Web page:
Wisteria is a genus of woody flowering perennial vines consisting of 10 species native to North America and Asia. Wisteria can grow up to 60 feet in length and produces hanging flowers that can be up to 30 inches in length. The flowers bloom during spring and are purple or lavender in color. Wisteria plants require only minimal care after the first few years of growth, but may become invasive without proper care.
Plant wisteria during early winter in a location that receives 4-6 hours of sunlight each day and has a support structure nearby. Spread 2 inches of peat moss over the planting site and use a gardening spade to incorporate it into the soil prior to planting to increase drainage and fertility.
Spread the wisteria vines over the structure to provide support. Use twine to secure wisteria to the structure if necessary. Tie the twine loose enough to allow wisteria to grow, but tight enough to prevent slipping.
Spread a 2-inch layer of mulch over the soil surrounding wisteria. Begin the layer at least 3 inches away from the base of the plant to allow room for growth and air circulation. Add more mulch as needed to keep the layer 2 inches thick all year.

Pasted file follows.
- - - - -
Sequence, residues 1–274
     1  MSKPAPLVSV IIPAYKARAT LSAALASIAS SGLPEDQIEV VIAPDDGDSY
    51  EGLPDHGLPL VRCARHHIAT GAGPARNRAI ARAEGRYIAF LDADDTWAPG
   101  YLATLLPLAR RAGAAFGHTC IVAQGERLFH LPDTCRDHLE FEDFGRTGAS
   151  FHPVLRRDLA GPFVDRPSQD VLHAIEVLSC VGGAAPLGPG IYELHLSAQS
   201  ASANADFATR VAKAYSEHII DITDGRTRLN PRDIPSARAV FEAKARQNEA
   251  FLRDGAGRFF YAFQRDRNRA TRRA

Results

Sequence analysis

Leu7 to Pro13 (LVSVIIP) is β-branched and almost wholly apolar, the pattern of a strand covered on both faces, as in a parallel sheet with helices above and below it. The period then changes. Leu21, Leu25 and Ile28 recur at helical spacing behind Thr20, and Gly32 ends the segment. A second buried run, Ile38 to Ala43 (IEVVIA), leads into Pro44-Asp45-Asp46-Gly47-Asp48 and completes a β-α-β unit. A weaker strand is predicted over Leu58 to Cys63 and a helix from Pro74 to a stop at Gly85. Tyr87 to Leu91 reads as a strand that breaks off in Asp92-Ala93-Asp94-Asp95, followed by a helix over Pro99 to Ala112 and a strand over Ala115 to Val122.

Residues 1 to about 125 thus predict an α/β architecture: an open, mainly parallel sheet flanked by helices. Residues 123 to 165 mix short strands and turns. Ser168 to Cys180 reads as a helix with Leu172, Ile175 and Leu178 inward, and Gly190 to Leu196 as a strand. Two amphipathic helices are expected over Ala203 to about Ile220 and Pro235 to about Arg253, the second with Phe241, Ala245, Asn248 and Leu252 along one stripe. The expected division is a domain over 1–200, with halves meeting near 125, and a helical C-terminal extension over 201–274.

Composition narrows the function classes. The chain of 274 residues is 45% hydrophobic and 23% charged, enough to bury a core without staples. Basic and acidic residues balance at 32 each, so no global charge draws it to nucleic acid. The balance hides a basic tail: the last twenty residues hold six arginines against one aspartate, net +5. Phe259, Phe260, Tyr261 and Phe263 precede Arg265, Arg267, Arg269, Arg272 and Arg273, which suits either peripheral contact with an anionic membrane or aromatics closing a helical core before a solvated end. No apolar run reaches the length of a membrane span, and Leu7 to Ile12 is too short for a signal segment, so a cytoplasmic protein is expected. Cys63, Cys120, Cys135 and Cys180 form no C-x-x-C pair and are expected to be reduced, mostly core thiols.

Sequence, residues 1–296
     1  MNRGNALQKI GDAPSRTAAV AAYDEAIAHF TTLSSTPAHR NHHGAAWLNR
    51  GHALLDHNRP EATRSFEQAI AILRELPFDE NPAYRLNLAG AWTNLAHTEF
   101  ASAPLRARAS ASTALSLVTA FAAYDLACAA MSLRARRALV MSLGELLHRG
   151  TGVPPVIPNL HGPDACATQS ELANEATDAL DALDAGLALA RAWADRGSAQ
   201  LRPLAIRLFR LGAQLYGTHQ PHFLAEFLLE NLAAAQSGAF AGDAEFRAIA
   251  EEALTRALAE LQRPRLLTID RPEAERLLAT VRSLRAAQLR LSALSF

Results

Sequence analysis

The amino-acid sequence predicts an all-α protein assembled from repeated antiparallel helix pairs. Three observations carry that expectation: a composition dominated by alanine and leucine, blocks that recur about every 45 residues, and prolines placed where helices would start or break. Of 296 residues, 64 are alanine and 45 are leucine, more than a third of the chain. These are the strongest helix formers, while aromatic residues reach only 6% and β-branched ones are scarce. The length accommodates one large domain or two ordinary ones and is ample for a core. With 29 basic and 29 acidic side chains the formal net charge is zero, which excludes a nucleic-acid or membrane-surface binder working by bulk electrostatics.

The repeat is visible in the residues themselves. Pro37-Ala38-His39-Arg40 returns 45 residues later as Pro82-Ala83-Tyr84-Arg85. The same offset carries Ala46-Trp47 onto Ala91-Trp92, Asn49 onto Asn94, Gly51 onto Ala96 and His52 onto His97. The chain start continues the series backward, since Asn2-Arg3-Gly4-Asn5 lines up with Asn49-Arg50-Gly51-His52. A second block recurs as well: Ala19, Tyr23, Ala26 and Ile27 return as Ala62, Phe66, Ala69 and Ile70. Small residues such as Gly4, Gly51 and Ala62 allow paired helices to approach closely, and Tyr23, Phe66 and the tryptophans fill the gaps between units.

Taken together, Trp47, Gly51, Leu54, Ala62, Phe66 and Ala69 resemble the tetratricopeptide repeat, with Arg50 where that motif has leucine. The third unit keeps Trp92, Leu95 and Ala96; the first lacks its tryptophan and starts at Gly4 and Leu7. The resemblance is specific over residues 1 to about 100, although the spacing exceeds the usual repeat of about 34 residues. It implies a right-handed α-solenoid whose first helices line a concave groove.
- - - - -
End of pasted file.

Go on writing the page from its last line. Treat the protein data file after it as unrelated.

Water wisteria once per day during the first month of growth. Reduce frequency to once per week after the plant has become established. Do not water wisteria on weeks that have received more than 3 inches of rainfall.
Feed your wisteria plant one month after planting using a balanced 6-6-6 NPK fertilizer. Apply fertilizer in March, May and September during the first two years of growth. Reduce frequency to once in March and once in September henceforth. Follow the manufacturer's directions for proper dosage and application.
Prune wisteria plants in late summer after flowering to keep them in bounds. Use pruning shears to snip off any vines or branches that have grown excessively. Without pruning, wisteria will become invasive and may take over the garden or damage other nearby plants.